Voyager space probes are the farthest-traveled human object in history. This September they celebrate 43 years moving away from Earth at 17 kilometers per hour. What is your destination and how long until your next milestone?

In 1977, NASA sent two probes into space with the original goal of exploring Jupiter and Saturn.

Voyager it was scheduled to last five years; However, the discoveries he made changed the way of understanding these gas giants and the rest of the Solar System, causing the mission to extend to Uranus and Neptune, the first images of which reached humanity thanks to Voyager 2.

The results triggered a new mission shift, this time with an ambitious plan to achieve the limits of the solar system and explore interstellar space.

In 1990 Voyager 1 continued to drift away from our planet and took the farthest photograph ever taken of Earth:

The space probe captured the appearance of Earth 6 billion kilometers away. In it, our planet appears as a tiny pixel lost in the vastness of the cosmos.

Photo: NASA

Now read: “Pale Blue Dot”: 30-year photo of Earth taken from Voyager 1

It is about the famous ‘pale blue point’, a photograph that awakens the deepest reflections on human fragility, the place that the Earth occupies in a cosmic perspective and the need to preserve our planet, the only place we know fit for life at any cost.

In 2013, NASA announced that Voyager 1 left the Solar System and became the first object built by mankind to reach the interstellar space, a region defined by the heliopause, that is, the place where the solar wind formed by a flow of particles and its magnetic field stop influencing space.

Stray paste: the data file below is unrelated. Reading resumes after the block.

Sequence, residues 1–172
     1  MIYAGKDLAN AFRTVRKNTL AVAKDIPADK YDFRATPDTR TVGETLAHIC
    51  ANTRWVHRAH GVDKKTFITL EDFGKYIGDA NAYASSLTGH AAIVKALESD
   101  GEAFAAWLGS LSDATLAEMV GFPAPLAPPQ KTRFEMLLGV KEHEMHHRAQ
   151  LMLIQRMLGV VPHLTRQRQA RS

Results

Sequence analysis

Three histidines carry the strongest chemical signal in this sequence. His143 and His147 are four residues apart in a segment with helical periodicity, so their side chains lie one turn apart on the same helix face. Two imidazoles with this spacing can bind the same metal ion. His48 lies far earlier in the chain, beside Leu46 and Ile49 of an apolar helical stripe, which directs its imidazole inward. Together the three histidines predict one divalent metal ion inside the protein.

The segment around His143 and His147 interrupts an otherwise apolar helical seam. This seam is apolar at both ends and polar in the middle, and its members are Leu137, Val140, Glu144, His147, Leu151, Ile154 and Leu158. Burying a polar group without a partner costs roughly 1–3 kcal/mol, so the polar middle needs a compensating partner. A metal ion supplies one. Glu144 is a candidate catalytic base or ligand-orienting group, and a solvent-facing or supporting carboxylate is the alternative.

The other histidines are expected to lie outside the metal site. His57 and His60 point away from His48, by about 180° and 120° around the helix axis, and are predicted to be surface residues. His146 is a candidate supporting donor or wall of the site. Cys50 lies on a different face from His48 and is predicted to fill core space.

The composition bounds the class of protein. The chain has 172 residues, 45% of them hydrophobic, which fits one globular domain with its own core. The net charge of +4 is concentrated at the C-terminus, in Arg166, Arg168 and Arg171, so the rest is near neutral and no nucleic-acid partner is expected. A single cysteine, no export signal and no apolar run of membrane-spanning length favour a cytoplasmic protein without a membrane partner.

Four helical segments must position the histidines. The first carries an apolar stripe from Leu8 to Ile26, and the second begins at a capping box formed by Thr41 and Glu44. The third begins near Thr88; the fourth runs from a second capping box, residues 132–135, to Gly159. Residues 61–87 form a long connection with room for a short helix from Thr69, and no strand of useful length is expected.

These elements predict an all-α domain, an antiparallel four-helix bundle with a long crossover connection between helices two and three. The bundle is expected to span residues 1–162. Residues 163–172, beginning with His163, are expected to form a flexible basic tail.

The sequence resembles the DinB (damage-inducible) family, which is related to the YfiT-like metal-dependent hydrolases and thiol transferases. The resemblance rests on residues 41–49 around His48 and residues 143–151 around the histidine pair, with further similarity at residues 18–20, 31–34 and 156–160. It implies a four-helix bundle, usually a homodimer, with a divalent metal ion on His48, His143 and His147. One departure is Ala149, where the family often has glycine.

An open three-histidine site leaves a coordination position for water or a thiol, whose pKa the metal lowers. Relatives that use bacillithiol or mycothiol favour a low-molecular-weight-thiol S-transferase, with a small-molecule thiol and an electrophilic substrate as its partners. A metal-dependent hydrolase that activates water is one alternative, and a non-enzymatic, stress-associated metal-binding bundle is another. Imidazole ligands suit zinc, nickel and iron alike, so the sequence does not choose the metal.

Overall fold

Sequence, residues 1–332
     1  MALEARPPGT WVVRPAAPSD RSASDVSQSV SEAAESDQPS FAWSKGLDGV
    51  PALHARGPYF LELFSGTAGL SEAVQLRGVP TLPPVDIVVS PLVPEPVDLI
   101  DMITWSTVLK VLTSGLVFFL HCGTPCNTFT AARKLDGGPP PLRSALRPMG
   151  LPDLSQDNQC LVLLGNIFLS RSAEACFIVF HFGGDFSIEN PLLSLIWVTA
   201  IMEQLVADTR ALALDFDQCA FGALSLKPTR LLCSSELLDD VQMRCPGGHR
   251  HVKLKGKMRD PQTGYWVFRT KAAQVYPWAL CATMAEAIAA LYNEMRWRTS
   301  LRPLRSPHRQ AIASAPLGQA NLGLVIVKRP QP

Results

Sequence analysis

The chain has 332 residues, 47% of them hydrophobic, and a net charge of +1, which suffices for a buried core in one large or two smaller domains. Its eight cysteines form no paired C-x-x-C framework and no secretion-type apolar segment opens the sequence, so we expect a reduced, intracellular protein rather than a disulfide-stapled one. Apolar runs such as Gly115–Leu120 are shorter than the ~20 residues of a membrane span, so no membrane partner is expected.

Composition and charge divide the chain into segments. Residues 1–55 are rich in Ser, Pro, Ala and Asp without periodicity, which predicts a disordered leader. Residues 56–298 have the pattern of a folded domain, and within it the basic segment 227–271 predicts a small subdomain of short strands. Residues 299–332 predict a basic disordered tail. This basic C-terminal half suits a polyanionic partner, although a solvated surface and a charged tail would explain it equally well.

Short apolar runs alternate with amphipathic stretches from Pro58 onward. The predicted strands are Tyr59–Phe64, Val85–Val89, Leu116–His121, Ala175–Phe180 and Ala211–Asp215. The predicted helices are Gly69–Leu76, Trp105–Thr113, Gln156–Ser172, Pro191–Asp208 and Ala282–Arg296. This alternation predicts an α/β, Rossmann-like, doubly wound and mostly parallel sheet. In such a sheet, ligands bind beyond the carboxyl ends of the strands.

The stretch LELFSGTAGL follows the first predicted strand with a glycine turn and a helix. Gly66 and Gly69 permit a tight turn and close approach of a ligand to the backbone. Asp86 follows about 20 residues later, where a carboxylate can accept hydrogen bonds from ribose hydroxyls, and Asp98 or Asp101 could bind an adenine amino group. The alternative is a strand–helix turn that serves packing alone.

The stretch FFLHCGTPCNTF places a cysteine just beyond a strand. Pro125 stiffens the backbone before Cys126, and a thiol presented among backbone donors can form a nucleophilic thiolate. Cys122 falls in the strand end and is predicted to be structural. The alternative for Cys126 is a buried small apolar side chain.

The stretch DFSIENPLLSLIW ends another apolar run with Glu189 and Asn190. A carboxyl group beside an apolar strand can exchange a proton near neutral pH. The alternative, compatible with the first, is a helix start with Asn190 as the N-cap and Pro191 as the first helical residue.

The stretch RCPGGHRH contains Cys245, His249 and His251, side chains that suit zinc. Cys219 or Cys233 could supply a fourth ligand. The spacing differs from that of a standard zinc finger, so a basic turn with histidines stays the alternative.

At that time, the space agency calculated that the probe was 19 billion kilometers away from the Sun and today it continues its journey into the vastness of the cosmos.

VoyagerPhoto: NASA / JPL

It also reads: Confirmed: Voyager 1 has left the Solar System

Voyagers continue to move away from Earth at an average speed of 17 kilometers per second. It is very likely that both space probes are about to exhaust their fuel reserves in this decade. Then they will stop transmitting information to our planet; however, they will continue their eternal journey through the cosmos:

NASA estimates that in the next 300 years, Voyager 1 will reach the Oort Cloud, the last remnant of comets and cosmic dust that still depend on the Sun’s gravity.

The space probe will cross the Oort Cloud during the following 30 thousand years. It will be then that Voyager 1 reaches the next milestone in human history: At that moment, it will be less distant from another star than from our own Sun.

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Ceres, the dwarf planet in the Solar System that could have life

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